The day started with a prayer and ended in arrests.
Action against the Trans Mountain pipeline escalated Saturday afternoon when Burnaby RCMP arrested 28 people for violating the injunction granted in favour of Trans Mountain earlier this week. Those arrested were processed and released on the promise to appear in court. The B.C. Supreme Court ruling prohibits protesters from setting up blockades or interfering with work at the terminal.
The 28 protesters staged a sit-in blocking the entrance to the Trans Mountain pipeline’s terminal in Burnaby at around 10:45 a.m inside the five-metre zone from the entrance covered by the injunction. The federally-approved expansion doubles the existing pipeline by building 980 kilometres of new pipeline, and will transport 890,000 barrels of diluted bitumen a day from Alberta to B.C.
“Put ‘em on,” said a woman known as Kat, extending her wrists to police, gesturing that they should put her in handcuffs.
Officers had asked her – as they did for the other protesters – if she wanted to stay and be arrested, or leave.
“Let me think about it,” she had said, chewing the cookie handed to her moments before by one of the volunteers bringing snacks, sunscreen and other supplies to the protesters throughout the day. Looking over the fence toward the tank farms, she said she saw an eagle flying in a circle in the sky, and that gave her the answer: she would be arrested. But first, she took a moment to drink her coffee.
She carried flags attached to wooden poles with her, escorted by police to the mobile processing station set up about 50 metres from the gate.
Still here for @BurnabyNOW_News. 28 or so people still sitting directly in front of the gate. Another 20 or so are behind the injunction line with banners. #KinderMorgan #TransMountain pic.twitter.com/fUCzOVh2Pz— 𝙇𝙖𝙪𝙧𝙚𝙣 𝘽𝙤𝙤𝙩𝙝𝙗𝙮 (@laurby) March 17, 2018
Emma Campbell was arrested Saturday alongside her parents Charlie Campbell and Gillian Johnstone. Emma said she was there to support Indigenous peoples’ rights to their land, and because she is concerned about how climate change will affect her son.
“I’m a parent of a two-year-old,” she said. “I’m worried about his future and the future of all children.”
Clayton Thomas-Müller, of the Pukatawagan Cree Nation from northern Manitoba, led the march toward the tank farm Saturday morning, singing and hitting a drum. He is from environmental activist group 350, and one of the protesters who attached his wrist to the gate with a zip tie and was later arrested. He came to support the local opposition to the pipeline, Indigenous people’s opposition to the tar sands in Alberta, and is concerned about the effect the expansion will have on the environment.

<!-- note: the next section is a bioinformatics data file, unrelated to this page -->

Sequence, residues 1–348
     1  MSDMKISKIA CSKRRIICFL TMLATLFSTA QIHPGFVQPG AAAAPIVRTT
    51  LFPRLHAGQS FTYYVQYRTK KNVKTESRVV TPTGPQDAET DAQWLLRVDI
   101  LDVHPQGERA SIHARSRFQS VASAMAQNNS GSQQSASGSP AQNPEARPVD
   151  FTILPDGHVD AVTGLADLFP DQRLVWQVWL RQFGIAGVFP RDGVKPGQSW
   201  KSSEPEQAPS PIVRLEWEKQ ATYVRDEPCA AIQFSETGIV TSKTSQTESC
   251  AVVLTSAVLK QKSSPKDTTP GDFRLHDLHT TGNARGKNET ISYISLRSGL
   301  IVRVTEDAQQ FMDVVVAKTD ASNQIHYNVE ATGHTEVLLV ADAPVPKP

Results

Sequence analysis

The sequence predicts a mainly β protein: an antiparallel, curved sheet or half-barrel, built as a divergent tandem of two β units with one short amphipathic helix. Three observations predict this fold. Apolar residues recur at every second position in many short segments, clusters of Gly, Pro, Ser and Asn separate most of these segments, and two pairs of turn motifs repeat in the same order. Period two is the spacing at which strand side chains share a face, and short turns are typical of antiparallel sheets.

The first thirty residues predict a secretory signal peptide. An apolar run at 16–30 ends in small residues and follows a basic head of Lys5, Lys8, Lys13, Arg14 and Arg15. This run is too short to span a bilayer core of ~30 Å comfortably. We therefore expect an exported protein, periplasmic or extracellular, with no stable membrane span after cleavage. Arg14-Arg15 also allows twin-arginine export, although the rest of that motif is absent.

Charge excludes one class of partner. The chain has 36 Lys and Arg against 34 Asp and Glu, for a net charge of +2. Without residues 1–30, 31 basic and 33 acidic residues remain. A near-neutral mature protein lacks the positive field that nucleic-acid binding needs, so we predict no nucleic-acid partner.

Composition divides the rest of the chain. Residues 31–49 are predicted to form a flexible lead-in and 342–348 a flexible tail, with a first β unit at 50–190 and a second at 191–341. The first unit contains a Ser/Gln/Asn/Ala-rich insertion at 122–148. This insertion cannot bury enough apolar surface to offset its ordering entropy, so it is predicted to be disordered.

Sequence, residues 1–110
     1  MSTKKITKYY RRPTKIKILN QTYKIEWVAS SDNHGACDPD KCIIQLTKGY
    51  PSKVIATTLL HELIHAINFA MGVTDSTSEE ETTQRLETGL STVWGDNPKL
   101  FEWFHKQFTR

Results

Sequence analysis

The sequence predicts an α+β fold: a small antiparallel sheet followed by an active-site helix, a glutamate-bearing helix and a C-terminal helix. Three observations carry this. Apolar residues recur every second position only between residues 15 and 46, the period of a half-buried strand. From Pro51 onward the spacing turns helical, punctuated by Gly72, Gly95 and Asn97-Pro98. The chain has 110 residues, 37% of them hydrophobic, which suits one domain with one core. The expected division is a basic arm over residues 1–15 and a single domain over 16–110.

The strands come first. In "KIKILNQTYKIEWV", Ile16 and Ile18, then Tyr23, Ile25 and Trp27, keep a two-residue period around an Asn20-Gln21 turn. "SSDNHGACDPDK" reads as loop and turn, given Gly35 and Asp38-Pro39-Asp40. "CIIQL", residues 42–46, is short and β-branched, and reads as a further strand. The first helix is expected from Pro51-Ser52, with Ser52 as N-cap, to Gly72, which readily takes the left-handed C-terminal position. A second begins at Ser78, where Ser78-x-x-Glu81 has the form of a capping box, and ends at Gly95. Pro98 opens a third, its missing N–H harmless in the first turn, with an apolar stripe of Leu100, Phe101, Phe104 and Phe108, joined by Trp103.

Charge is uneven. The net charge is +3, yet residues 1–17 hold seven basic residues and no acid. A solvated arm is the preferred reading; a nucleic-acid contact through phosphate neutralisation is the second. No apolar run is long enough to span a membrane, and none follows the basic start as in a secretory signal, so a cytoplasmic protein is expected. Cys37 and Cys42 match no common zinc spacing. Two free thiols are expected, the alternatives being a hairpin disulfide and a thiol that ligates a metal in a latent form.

“I have a responsibility to my kids, to make sure that their hunting grounds, their fishing grounds are protected,” he said. “Water knows no border. Climate knows no border.”
Some 60 people gathered in the gravel fields near Forest Grove park Saturday morning around 10 a.m. to prepare for a demonstration at the Trans Mountain terminal in protest of Kinder Morgan’s pipeline expansion. Protesters walked up from the fields and stopped at the watch house to sing and pray before moving toward the tank farm. That building was constructed on the pipeline path last week during a protest where more than 5,000 people marched in opposition to the expansion.
Burnaby RCMP arrived before 11 a.m. Saturday, but did not intervene until around just after 2:30 p.m. after 12 protesters had attached their wrists to the fence with zip ties.
An officer approached the gate and began reading the injunction aloud to those blocking the entrance, but his voice was overtaken by the sound of the protesters singing. They handed out copies of the injunction to all those blocking the entrance before they began making arrests around 15 minutes later.
Cpl. Daneila Panesar, spokesperson for the Burnaby RCMP, said protesters were arrested for violating the court injunction, but charges were not criminal. She said initially there had been no complaint made from Kinder Morgan, and so they did not intervene earlier. The injunction prohibits obstructing, impeding or preventing access to the terminal.
“That didn’t happen until when they started wrap-strapping themselves. At that point, as the police of jurisdiction, we are legally bound to enforce the injunction, so that’s why Burnaby RCMP made the arrests that they did,” she said.
Kinder Morgan said in an emailed statement that the police were notified because the blockade was a safety concern for their employees.
“We respect the right to peacefully protest and there are many ways to express opinions in a safe and lawful manner,” reads the statement. “The RCMP were notified when several individuals attached themselves to the gate of Burnaby Terminal, blocking emergency access to our facilities and employees onsite in contravention of a court order.”
Those arrested who re-enter the injunction zone risk being re-arrested. They are due to appear in court June 6.
Protests are expected to continue over the next week.